Reduced Hours, Full Success: Part-Time Partners in U.S. Law Firms

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2009 Report by the Project for Attorney Retention. Findings include that part-time work retains women partners, many develop significant business for their firms, and many are involved in firm governance. Contains best practices recommendations for law firms and partners.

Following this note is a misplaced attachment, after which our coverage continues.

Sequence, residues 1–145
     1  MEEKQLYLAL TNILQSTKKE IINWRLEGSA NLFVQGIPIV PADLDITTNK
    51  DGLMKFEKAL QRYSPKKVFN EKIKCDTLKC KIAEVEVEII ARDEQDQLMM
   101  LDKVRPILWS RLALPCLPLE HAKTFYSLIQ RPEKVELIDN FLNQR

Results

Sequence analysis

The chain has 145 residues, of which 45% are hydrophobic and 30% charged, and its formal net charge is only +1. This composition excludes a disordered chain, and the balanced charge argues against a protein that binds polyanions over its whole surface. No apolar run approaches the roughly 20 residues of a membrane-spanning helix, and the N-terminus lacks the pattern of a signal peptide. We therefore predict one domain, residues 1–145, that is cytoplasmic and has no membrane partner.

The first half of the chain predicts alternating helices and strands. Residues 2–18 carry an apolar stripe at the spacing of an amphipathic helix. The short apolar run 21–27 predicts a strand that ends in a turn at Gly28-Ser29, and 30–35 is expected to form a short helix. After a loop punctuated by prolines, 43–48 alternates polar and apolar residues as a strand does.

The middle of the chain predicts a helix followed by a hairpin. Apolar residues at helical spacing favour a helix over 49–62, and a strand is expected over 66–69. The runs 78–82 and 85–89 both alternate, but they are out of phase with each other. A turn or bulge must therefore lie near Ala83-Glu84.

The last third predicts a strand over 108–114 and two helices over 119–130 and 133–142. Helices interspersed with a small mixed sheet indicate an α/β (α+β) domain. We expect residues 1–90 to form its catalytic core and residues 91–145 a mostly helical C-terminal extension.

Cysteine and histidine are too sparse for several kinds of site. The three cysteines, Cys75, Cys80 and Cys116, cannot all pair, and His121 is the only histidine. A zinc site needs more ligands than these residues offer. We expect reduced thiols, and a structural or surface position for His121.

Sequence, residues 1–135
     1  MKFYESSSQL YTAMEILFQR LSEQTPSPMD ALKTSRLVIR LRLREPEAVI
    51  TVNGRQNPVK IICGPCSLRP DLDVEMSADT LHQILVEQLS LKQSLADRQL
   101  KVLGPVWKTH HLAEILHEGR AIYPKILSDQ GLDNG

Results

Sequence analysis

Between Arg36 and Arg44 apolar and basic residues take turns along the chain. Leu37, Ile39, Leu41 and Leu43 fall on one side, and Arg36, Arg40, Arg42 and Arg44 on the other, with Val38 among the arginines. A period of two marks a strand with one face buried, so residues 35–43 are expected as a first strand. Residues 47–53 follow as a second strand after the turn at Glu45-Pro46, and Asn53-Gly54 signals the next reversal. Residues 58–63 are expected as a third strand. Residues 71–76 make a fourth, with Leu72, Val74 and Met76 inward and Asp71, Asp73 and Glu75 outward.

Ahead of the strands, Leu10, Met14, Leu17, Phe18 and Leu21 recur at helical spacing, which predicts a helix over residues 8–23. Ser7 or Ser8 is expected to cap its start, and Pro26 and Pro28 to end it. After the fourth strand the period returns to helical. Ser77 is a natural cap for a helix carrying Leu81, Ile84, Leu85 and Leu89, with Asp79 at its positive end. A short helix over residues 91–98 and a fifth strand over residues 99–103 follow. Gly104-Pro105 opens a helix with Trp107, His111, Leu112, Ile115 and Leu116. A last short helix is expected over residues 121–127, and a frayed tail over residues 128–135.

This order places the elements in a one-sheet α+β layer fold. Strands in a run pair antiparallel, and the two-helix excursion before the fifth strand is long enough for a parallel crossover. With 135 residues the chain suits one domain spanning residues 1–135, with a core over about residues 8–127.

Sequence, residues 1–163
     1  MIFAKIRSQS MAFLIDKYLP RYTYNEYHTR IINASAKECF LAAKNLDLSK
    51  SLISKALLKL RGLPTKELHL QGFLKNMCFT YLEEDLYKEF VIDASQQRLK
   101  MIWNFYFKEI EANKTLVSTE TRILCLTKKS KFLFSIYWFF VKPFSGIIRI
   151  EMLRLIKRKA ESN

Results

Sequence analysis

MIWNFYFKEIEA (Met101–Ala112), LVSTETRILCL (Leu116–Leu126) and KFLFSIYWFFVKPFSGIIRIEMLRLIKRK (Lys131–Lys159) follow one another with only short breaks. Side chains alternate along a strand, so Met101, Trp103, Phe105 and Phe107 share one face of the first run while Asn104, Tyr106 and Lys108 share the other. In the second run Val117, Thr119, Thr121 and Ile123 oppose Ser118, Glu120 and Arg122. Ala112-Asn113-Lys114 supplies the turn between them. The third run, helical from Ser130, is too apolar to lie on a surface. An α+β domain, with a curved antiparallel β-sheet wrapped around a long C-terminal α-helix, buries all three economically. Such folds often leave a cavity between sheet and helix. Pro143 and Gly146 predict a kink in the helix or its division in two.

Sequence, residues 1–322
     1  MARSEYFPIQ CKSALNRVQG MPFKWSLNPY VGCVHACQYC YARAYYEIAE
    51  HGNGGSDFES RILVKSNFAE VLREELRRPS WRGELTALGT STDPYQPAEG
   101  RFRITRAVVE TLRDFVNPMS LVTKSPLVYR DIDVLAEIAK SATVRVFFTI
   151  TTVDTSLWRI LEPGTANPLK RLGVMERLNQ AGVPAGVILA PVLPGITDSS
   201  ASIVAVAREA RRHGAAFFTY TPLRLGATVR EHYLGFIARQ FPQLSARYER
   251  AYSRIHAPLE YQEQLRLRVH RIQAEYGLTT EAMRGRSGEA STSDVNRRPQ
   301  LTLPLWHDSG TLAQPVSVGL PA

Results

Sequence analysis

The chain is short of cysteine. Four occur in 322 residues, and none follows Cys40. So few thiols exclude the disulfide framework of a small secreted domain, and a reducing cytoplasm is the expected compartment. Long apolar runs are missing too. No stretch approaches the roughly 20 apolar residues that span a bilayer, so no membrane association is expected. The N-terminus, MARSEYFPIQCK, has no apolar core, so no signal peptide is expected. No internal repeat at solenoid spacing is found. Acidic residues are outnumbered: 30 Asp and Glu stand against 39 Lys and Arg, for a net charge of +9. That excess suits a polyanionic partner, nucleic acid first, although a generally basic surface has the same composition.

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  T he P rojecT    or    A  TTorney  r  eTenTion S ePTember  2009 by   Cynthia Thomas CalvertLinda Bray Chanow  and   Linda Marks  Copyright 2009 The Project or Attorney Retention r  educed h ourS ,F ull S ucceSS :P  ArT -T ime P  ArTnerS   in u.S. l  Aw  F irmS     |   Reduced Hours, Full Success: Part-Time Partners in U.S. Law Firms The Project  for  Attorney Rentention e  xecuTive S ummAry  Part-time arrangements have long been viewed as bullets to the heart o lawyers’ careers—and dubiouspropositions or law rms’ bottom lines. This report challenges that view. It shows that law rms can createsuccessul reduced-hours programs—and that part-time lawyers and their law rms can fourish when they do.In 2000, the Project or Attorney Retention developed its best-practice “balanced hours” model, whichchallenged the then-standard practice o taking part-time lawyers o the partnership track. As the number o part-time partners increased, rom 1.6% in 1999 to 3% in 2008, questions emerged about how to compensatepart-time partners, what to expect rom them in terms o business development and rm service, and the best ways to create successul practices. This report is PAR’s response to those questions.PAR interviewed 109 lawyers or this study, including 53 part-time equity partners, 23 part-time income ornon-equity partners, and six part-time counsel. Seventy-ve o the part-time lawyers were emale; eight werepartners o color. In lengthy telephone interviews, they answered questions about their career history, rms,schedules, practices, clients, compensation, business development, colleagues, satisaction, and personal lives.PAR also interviewed additional partners o color who were not working part-time, and several managingpartners. The study ocused on partners in Colorado, the District o Columbia, and San Francisco, and alsoincluded partners rom other regions.The participants’ responses challenge conventional wisdom. Most strikingly, it is clear that working reducedhours is not inconsistent with long-term career success in the law, as detailed in these key ndings:ã Many respondents had signicant books o business, and the majority reportedspending as much or more time on business development as ull-time partners;ã Most respondents generate signicant revenue, billing between 1200 and 1600hours annually and pushing additional work down to associates; andã Many hold leadership positions in their rms, including managing partner,executive committee member, practice group head, and members o high levelcommittees.This success leads to the important contribution o part-time partners as mentors and role models. Theirpresence sends the message to more junior lawyers, and to colleagues who eel they might need to reduce theirhours in the uture, that they have a uture at the rm. Successul part-time partners enable a rm to retainvalued attorneys—even those who have not expressed an interest in reducing their hours. Another break with the past comes with the key nding that most respondents do not eel a stigma associated with their part-time status. Nearly 60% reported the absence o stigma, and the perception that they aresupported and valued at their rms. The remaining 40% reported a variety o evidence o stigma, includingunair compensation policies, attitudes that were hostile to part-time work, rm policies that reuse to allow part-time partners to attain equity status, and doubts about their commitment. These ndings come with acaveat. This study looked at partners who have remained with their rms, and thereore are most likely tobe happy with their arrangements. Part-time partners who experienced signicant stigma and who were notsupported by their rms have likely let and were not reached by this study.     |   Reduced Hours, Full Success: Part-Time Partners in U.S. Law Firms The Project  for  Attorney Rentention Several o the key ndings challenge the notion that part-time partners are not available to their clients:ã Respondents tend to work as needed, having considerable fexibility in their schedulesand working around client needs;ã Client service is oremost, with the vast majority o respondents stating that they do whatever is necessary to be responsive and meet deadlines; andã Most clients are unaware o the partners’ schedules because client service is seamless.Clients who are aware o their outside counsel’s reduced-hours schedules are generally supportive. They realizethat all partners, regardless o the hours they keep, work on a variety o matters and are not available 24/7, andthat technology gives them access to their lawyers no matter where they are. The general counsel participatingin PAR’s Diversity and Flexibility Connection have stated their support or reduced hours work because they understand it acilitates retention and advancement o valued and diverse lawyers.Finally, this report debunks the common assumption that only white women with children seek to reduce theirhours. Without a doubt, this group is vastly over-represented among part-time partners. Most respondents hadreduced their hours due to child care, but others had other outside jobs, were writing, had health issues, or were nearing retirement. Moreover, respondents included part-time men, and a quarter o the partners o colorrespondents are working part-time. A troubling nding is that the fexibility stigma—the stigma oten associated with reduced hours—discourages some women o color rom reducing their hours or ear o compounding thechallenges they ace as attorneys o color. Notably, some women o color respondents reported that having part-time partners at their rms signaled opportunity and acceptance in ways that mattered, even i they themselves were not currently part-time.This study also gathered inormation helpul to rms that seek to design viable, nonstigmatized part-timepartnerships. It provides inormation on air ways to design compensation and steps to eliminate stigma. Otherbest practices include having a written policy, supporting business development eorts, encouraging part-timepartners to assume leadership roles, and using part-time partners as role models.Finally, the report provides inormation to individual attorneys who want to be successul part-time partners,drawn rom the respondents’ experiences. These include strategically creating schedules to include valued rmservice, prioritizing business development, and being proactive about compensation.Part-time partners play a crucial role in the long-term nancial stability o law rms. By staying with their rms,they deepen relationships with clients, generate business, and provide needed leadership. Part-time partners alsoserve as evidence o their rms’ commitment to fexible work arrangements, enhancing recruitment eorts andsending a message to clients that the rm is serious about diversity. Supporting part-time partnership is a soundbusiness decision.  T  Able   oF c onTenTS Executive Summary ............................................................................................................................................................................1 Acknowledgements .............................................................................................................................................................................4Introduction ........................................................................................................................................................................................5Demographics o Respondents ...........................................................................................................................................................8Key Findings .......................................................................................................................................................................................9 1. Part-Time Partners Seldom Work Set Schedules.........................................................................................................................................92. Flexible Work Arrangements Attracted and Retained the Partners ...........................................................................................................103. Client Service is Not Compromised by Part-Time Schedules ..................................................................................................................134. Many Part-Time Partners are Financially Successul at their Firms ..........................................................................................................145. Many Part-Time Partners Are Involved in Firm Governance ...................................................................................................................166. Part-Time Partners Report Less Stigma than Part-Time Associates ..........................................................................................................177. Compensation or Most Part-Time Partners is Proportional ....................................................................................................................198. Most Partners Do Not Tell Clients about Their Schedules .......................................................................................................................219. Most Part-Time Partners are Satised with their Arrangements ...............................................................................................................2310. Developing Associates, and Delegating Work to Them, Is Essential ........................................................................................................2311. Partners o Color Have Signicant Work Lie Confict But May Feel Pressure Not to Use Existing Programs. ................................25 Best Practices Recommendations or Law Firms ..............................................................................................................................28 1. Create a Written Policy or Part-time Partners ..........................................................................................................................................282. Support Flexibility in When and Where Partners Work ...........................................................................................................................293. Eliminate Stigma .......................................................................................................................................................................................304. Support Part-time Partners’ Business Development Eorts ......................................................................................................................315. Recognize Part-Time Partners’ Contributions Fairly.................................................................................................................................326. Encourage Part-Time Partners to be Firm Leaders ...................................................................................................................................327. Use Part-Time Partners as Role Models and Recruiters ............................................................................................................................338. Let Part-Time Partners Decide What to tell their Clients .........................................................................................................................33 Recommendations or a Successul Part-Time Partnership ..............................................................................................................35 1. Create Schedules Strategically ....................................................................................................................................................................352. Prioritize Business Development Early In Partnership ..............................................................................................................................353. Build In Time to Be in the Oce .............................................................................................................................................................364. Be Flexible, Accessible, and Responsive .....................................................................................................................................................365. Establish and Maintain Boundaries...........................................................................................................................................................376. Invest in Associates ....................................................................................................................................................................................387. Create Flexibility in Lie Outside the Oce .............................................................................................................................................388. Be Proactive About Compensation ...........................................................................................................................................................39 Conclusion ........................................................................................................................................................................................40 Appendix I: Methodology ................................................................................................................................................................41 Appendix II: Paths to Partnership or Part-Time Lawyers ................................................................................................................42